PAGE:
Recent blog posts
Today we take it for granted that computers can set type, but from the 60s to the 80s, most computers used either teletypes or character-based screens. The Xerox Star and Apple Lisa and Apple Macs, and PostScript changed this, but before them, typesetting was done using weird command languages that would send pages to special typesetters. The most well known setup was troff, which lives on in groff and in Solaris. The troff system used a computer typesetter called a CAT, and it wasn't a bitmap laser printer. It has these fonts that were spools of film that were photographs of letters. The font sizes were created by projecting the image of the letter onto the page at different sizes. I believe the rest of the process was like a photocopier - the toner goes on, and then is transferred to the paper, and fused.
I don't really understand what this article says, but it came up during a search of "n-dimensional nolan chart". A Nolan Chart is the diagram that libertarians use to try to convince you to join their party/movement. They seem to worship the chart, but it's kind of absurd: you can label the axes with any two qualities, and map all people along two axes. You can also make a "chart" in any number of dimensions. In democratic politics, you always measure all dimensions, but ultimately, the system is set up around voting, so all dimensions ultimately collapse along one dimension: the vote.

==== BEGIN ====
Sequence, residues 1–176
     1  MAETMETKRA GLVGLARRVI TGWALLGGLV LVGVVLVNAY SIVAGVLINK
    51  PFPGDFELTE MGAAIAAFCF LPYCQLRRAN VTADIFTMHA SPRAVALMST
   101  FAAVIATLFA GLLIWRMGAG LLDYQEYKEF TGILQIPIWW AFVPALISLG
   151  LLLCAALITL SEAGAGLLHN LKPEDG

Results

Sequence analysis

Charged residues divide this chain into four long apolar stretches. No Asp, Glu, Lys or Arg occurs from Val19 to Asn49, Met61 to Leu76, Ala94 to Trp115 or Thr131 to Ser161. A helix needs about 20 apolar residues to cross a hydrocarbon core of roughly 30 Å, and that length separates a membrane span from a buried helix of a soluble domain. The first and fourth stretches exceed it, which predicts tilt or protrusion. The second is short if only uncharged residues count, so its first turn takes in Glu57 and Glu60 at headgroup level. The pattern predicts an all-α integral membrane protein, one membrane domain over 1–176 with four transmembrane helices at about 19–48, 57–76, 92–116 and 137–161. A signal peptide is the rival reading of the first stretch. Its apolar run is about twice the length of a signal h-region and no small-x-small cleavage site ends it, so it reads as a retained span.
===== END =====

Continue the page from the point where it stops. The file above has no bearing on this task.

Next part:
It's always a concern that an IMC can be taken offline. As the sites get larger, it's more of a challenge to keep it backed up and distributed. There's also the problem of software upgrades.
This isn't addressed to anyone in particular, but it's a common question: does software get old and wear out. They ask because their computers have gotten slower, or features have stopped working.
A ten second calculation to deter comment spam. It's an old technique called "hash cash" and has nothing to do with drugs.
MySQL on my server is fading out more often than in the past. i wonder what's up.
This is interesting. These headers are from an email I got. It passed through someone else's Barracuda Networks anti-spam appliance (starting at $700, plus annual fees).
Identicons are those odd graphics you see next to peoples' names in comments. http://en.wikipedia.org/wiki/Identicon
[Turns out there's a PECL extension for tainting: http://www.php.net/manual/en/book.taint.php
It's hard to concentrate when you're tired and cranky, so I wasted some time writing a simple calculator in several different languages.
I bought this several months back, and finally installed it on the Linux box. It works, sort of. ATSC (HDTV terrestrial broadcast) works fine. FM Radio does not. More info:
This post isn't for any specific reason, but it's been bouncing around in my mind for a long time. That higher levels of abstration is a "good thing" is given among experience hackers, people into functional programming, and people who write SQL. At least up to a few years ago, there was some hostility toward increasing abstraction, particularly from the anti-SQL set. I railed about this against and entry in a Symfony book. This is another review of the issue.
This is an outline I'm going to use to fix up a mass email script for Outlook that I'm working on.